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Al and I are thrilled that you have found your way to our blog. We hope you enjoy reading our journal and viewing our photographs of the natural wonder of our United States of America. Let's hit the road together!
Homer, Alaska

Wednesday, August 24, 2022

Homer: Fishing and Bears!

 On Friday, 7/15, we departed Seward and drove 163 miles to our next destination, Homer, at the very tip of the Kenai.

As per what has become the normal circumstances, it was drizzly and on the cool side. It was still a beautiful drive up through the mountains surrounding Seward, then through the Kenai River area, which was lush and beautiful with the color of the Kenai River unbelievable - no place to really stop with our rigs to take pictures - and then along the northern coast of the peninsula. 

Once we were settled into our campground, it was mandatory to jump in the vehicles and head down to the marina to find the dock for Big Dan's Fishing Charters, the company they booked their overnight trip with. We found it and the boat, The Double Down, that they will be fishing from. 

They had to pose in front of the boat.

As we were walking around the floating docks, we saw this adorable sea otter. He would dive down and come back up with a crab. Listen closely and you'll hear the shell cracking as he's eating it.

The famous Salty Dawg Saloon on the Homer Spit. The history from its website:

The Salty Dawg started out as one of the first cabins built in 1897, soon after Homer became a town site. It served as the first post office, a railroad station, a grocery store, and a coal mining office for twenty years. In 1909 a second building was constructed, and it served as a school house, post office, grocery store. And at one time, it housed three adults and eleven children.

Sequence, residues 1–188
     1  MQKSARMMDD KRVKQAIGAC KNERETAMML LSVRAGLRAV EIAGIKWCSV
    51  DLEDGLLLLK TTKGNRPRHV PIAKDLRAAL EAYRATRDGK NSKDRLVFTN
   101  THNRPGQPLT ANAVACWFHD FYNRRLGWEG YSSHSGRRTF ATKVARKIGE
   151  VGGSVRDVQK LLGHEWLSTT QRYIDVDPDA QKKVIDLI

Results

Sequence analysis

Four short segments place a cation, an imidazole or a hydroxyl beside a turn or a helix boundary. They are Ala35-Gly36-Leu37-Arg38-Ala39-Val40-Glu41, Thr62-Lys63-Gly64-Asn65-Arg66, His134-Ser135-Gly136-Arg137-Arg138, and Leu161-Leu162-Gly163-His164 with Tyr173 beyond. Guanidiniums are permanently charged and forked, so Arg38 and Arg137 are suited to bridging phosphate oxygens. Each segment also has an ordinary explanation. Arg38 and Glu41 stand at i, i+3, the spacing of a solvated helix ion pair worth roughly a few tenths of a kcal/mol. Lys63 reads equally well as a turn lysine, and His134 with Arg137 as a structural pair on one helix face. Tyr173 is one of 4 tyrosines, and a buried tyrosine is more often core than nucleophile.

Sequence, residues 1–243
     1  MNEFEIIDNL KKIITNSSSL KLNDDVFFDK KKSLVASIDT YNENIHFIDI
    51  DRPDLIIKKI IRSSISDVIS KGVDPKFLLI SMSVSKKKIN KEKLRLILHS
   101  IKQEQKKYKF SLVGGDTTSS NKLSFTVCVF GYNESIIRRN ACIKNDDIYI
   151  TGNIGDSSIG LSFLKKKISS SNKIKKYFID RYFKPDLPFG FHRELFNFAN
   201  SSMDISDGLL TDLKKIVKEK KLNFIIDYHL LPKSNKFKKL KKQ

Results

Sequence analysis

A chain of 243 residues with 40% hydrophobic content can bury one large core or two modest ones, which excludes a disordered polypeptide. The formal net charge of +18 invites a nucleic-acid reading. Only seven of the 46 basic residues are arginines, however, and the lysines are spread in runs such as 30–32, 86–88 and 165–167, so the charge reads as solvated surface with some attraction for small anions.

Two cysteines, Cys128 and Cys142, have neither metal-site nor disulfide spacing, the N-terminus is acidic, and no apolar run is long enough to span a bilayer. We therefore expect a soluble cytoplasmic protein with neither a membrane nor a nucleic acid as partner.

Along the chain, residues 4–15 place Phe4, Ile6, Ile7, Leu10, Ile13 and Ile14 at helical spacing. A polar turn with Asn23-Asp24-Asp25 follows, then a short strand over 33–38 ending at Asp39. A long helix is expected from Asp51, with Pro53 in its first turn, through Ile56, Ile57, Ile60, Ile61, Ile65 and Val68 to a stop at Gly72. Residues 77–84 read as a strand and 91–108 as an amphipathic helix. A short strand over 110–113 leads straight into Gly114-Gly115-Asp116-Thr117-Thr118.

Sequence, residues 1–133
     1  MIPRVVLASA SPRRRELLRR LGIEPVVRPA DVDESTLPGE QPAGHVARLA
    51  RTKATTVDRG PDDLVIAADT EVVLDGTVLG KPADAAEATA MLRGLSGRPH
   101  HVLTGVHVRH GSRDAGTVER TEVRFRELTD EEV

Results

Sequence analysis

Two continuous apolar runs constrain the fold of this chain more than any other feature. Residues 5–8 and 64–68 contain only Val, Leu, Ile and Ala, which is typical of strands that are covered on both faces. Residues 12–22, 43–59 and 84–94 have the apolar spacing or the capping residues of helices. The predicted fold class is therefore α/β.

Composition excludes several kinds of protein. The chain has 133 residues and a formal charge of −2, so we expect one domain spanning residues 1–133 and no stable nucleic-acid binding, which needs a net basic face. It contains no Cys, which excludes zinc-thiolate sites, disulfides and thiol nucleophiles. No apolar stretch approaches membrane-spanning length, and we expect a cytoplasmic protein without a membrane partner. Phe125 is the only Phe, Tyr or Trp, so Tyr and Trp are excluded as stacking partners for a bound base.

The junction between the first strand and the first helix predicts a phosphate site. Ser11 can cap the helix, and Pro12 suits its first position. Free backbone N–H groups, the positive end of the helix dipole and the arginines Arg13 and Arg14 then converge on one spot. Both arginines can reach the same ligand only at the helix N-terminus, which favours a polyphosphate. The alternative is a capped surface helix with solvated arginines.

It was acquired in the late 1940’s by Chuck Abbott to be used as an office for Standard Oil Company. In April of 1957, he opened it as the Salty Dawg Saloon. The late 1950’s produced a change for the Salty Dawg Saloon by joining this building to it.

The Alaska Territory became the 49th state of the union in January 1959.

Earl Hillstrand, the late State Representative, purchased it in 1960. After the March 1964 “Good Friday” earthquake, he moved the structure to its present location. The distinctive lighthouse tower was added to cover a water storage tank, thus completing one of Homer’s more historical and recognizable landmarks.

The Salty Dawg Saloon that we know today is owned and operated by John Warren.

Lots of boats of all types along the Homer Spit. This is just one section. 
So....what is the "Spit"?
Homer Spit, Homer, Alaska

The Homer Spit (Dena'inaUzintun) is a geographical landmark located in Homer, Alaska on the southern tip of the Kenai Peninsula. The spit is a 4.5-mile (7.2 km) long piece of land jutting out into Kachemak Bay.[1] The spit is also home to the Homer Boat Harbor. The harbor contains both deep and shallow water docks and serves up to 1500 commercial and pleasure boats at its summer peak.[1] Additional features and attractions include  The Nick Dudiak Fishing Lagoon, which is an artificial "fishing hole", campgrounds, hotels, and restaurants and the Salty Dawg Saloon, which is constructed out of several historic buildings from Homer. Hundreds of eagles formerly gathered there in winter to be fed by Jean Keene, the "Eagle Lady".[2] The Spit features the longest road into ocean waters in the entire world, taking up 10–15 minutes to cover by car.[3] (Wikipedia)